Herr: Drop foot is a condition where a person has a biological leg, but the muscles that span the ankle in front of the leg or the anterior muscles are weak or paralyzed such that when they walk and they hit their heel—a heel strike—the forefoot slaps on the ground. We build what’s called an orthosis, which is a fancy word for a brace that’s motorized, where we can add in virtual muscles so the motor can be controlled in a way that the impaired biological limb plus the worn orthosis adds up to a normal dynamical response.
Cooper: So it’s a similar computer process that you’re using for the ankle?
Herr: Somewhat similar, yes. The difference is, in the orthosis, the biological limb is in the loop, in parallel, and in the prosthesis it’s not in the loop. Let’s say the person has some muscle function, but it’s weak. In the prosthetic case, there’s by definition no muscle function, so the motors have to do 100 percent. In orthosis, the motors may only have to do 50 percent because the biological muscle can do the other 50 percent.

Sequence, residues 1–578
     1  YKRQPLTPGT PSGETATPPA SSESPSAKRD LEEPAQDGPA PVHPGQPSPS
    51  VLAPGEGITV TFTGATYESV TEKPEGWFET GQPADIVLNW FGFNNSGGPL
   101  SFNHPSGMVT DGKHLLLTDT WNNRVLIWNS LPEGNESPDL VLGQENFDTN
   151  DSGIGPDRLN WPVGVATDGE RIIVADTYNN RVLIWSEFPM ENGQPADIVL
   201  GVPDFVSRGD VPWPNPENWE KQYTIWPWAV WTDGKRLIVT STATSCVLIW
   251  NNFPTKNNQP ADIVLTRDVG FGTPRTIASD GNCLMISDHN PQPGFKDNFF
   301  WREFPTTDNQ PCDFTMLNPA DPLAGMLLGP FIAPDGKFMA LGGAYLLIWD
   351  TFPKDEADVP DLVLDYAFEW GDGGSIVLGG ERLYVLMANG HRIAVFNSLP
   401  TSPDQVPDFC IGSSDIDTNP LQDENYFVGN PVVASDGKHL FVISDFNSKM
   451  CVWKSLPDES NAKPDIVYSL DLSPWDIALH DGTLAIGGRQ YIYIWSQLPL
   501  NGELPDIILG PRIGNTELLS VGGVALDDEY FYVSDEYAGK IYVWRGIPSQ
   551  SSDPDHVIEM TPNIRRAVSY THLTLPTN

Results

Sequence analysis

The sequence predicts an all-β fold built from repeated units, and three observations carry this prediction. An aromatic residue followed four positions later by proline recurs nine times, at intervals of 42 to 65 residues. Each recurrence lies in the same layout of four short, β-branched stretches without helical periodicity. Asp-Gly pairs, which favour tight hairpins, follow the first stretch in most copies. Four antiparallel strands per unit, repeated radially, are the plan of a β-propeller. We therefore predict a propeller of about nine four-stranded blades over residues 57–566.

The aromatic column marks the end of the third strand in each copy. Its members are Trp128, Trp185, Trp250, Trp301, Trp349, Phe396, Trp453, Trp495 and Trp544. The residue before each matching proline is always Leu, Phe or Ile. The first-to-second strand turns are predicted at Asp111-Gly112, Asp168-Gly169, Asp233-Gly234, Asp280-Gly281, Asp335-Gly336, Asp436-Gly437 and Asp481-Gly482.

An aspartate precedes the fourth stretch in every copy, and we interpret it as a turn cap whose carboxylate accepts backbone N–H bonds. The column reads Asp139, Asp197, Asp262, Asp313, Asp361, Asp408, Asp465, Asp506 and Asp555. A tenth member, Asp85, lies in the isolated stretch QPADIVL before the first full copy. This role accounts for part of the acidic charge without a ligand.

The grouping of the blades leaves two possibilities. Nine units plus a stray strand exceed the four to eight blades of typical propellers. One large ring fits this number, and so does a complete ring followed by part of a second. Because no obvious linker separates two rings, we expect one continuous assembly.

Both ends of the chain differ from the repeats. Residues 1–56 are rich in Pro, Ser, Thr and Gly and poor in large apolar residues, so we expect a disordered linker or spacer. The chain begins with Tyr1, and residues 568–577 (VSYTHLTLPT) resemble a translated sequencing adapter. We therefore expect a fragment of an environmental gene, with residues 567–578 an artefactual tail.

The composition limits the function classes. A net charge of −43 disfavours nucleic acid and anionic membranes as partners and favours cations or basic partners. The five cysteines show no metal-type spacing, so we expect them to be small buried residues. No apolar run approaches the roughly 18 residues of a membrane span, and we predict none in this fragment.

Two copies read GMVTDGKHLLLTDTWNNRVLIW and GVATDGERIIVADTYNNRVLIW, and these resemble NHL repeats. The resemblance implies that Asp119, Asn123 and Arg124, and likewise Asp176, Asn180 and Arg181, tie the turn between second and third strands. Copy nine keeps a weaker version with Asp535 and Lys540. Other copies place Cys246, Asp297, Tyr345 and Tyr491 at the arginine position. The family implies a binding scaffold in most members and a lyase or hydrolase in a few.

Cooper: And when you’re talking about the percentage of the muscle, you’re talking about the muscle to raise the foot, or the lower leg itself that may be having a problem?
Herr: It’s the muscle—if you lift your foot off the ground and move your toes towards the ceilings, it’s those muscles that are weak in the case of drop foot. We have technology to treat weakness anywhere in the ankle. We can also treat the calf muscles, which are what you use when you point your toes.
Cooper: And that’s on the market now, too?